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Cost effectiveness of potential ART adherence monitoring interventions in sub-saharan Africa

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  • Andrew N. Phillips
  • Valentina Cambiano
  • Fumiyo Nakagawa
  • Loveleen Bansi-Matharu
  • Papa Salif Sow
  • Peter Ehrenkranz
  • Deborah Ford
  • Owen Mugurungi
  • Tsitsi Apollo
  • Joseph Murungu
  • David R. Bangsberg
  • Paul Revill


Publication details

JournalPLoS ONE
DateAccepted/In press - 17 Nov 2016
DatePublished (current) - 15 Dec 2016
Issue number12
Number of pages20
Pages (from-to)1-20
Original languageEnglish


Background Interventions based around objective measurement of adherence to antiretroviral drugs for HIV have potential to improve adherence and to enable differentiation of care such that clinical visits are reduced in those with high adherence. It would be useful to understand the approximate upper limit of cost that could be considered for such interventions of a given effectiveness in order to be cost effective. Such information can guide whether to implement an intervention in the light of a trial showing a certain effectiveness and cost. Methods An individual-based model, calibrated to Zimbabwe, which incorporates effects of adherence and resistance to antiretroviral therapy, was used to model the potential impact of adherence monitoring-based interventions on viral suppression, death rates, disability adjusted life years and costs. Potential component effects of the intervention were: enhanced average adherence when on ART, reduced risk of ART discontinuation, and reduced risk of resistance acquisition. We considered a situation in which viral load monitoring is not available and one in which it is. In the former case, it was assumed that care would be differentiated based on the adherence level, with fewer clinic visits in those demonstrated to have high adherence. In the latter case, care was assumed to be primarily differentiated according to viral load level. The maximum intervention cost required to be cost effective was calculated based on a cost effectiveness threshold of $500 per DALY averted. Findings In the absence of viral load monitoring, an adherence monitoring-based intervention which results in a durable 6% increase in the proportion of ART experienced people with viral load <1000 cps/mL was cost effective if it cost up to $50 per person-year on ART, mainly driven by the cost savings of differentiation of care. In the presence of viral load monitoring availability, an intervention with a similar effect on viral load suppression was cost-effective when costing $23-$32 per year, depending on whether the adherence intervention is used to reduce the level of need for viral load measurement. Conclusion The cost thresholds identified suggest that there is clear scope for adherence monitoringbased interventions to provide net population health gain, with potential cost-effective use in situations where viral load monitoring is or is not available. Our results guide the implementation of future adherence monitoring interventions found in randomized trials to have health benefit.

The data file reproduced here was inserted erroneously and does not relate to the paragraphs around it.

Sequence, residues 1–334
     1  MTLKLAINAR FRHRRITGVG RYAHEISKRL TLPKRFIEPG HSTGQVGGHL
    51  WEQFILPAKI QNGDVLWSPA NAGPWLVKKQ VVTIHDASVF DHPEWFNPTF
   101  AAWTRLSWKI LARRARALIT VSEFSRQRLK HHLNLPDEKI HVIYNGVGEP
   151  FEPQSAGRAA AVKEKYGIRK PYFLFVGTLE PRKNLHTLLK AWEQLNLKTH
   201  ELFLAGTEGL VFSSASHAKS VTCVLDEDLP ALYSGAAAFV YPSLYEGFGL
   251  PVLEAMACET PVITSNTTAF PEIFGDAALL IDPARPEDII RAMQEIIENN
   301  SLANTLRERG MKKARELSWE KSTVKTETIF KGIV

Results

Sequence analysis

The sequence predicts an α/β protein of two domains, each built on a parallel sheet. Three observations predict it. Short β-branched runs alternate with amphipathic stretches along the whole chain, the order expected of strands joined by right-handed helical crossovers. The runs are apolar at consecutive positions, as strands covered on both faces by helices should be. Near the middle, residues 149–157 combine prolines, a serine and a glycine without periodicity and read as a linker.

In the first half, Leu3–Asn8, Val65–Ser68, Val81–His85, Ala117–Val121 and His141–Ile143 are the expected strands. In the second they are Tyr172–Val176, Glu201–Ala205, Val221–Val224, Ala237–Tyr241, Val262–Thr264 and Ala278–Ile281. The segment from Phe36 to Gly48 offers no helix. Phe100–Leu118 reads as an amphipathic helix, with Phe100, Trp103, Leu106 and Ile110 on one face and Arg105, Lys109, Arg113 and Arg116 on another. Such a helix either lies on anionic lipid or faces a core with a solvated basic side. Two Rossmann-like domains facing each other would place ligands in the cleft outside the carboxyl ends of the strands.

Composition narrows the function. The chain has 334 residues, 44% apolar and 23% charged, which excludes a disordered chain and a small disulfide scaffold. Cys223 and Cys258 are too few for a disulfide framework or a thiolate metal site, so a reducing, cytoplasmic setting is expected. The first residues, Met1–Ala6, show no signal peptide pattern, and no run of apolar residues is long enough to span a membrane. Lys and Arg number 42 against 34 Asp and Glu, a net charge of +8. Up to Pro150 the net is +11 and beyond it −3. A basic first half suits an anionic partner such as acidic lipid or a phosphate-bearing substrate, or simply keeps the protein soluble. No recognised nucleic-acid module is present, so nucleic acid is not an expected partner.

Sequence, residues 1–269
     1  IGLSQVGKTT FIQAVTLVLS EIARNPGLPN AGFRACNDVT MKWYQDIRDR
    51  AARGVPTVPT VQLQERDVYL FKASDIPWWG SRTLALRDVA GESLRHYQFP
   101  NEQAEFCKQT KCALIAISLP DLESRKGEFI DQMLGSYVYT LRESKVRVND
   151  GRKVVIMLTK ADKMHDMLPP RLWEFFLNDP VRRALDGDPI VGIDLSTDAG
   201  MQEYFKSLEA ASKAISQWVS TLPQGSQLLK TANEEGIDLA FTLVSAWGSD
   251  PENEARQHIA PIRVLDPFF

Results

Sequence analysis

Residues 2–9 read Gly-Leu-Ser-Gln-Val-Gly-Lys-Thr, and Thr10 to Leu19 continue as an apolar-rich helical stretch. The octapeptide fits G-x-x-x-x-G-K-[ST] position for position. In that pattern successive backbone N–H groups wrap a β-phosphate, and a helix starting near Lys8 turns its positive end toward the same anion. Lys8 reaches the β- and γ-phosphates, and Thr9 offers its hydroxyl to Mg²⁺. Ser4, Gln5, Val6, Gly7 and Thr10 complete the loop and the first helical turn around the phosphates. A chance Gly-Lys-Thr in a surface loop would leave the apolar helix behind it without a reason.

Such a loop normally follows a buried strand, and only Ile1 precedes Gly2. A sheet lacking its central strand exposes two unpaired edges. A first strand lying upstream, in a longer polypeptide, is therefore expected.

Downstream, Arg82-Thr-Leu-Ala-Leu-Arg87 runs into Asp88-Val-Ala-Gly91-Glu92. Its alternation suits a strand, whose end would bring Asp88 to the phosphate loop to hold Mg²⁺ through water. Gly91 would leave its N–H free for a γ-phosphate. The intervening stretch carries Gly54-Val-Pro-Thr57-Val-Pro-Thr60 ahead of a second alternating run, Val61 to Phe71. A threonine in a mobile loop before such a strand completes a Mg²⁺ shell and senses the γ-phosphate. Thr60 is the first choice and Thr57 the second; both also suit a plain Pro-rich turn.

Bibliographical note

© 2016 Phillips et al.

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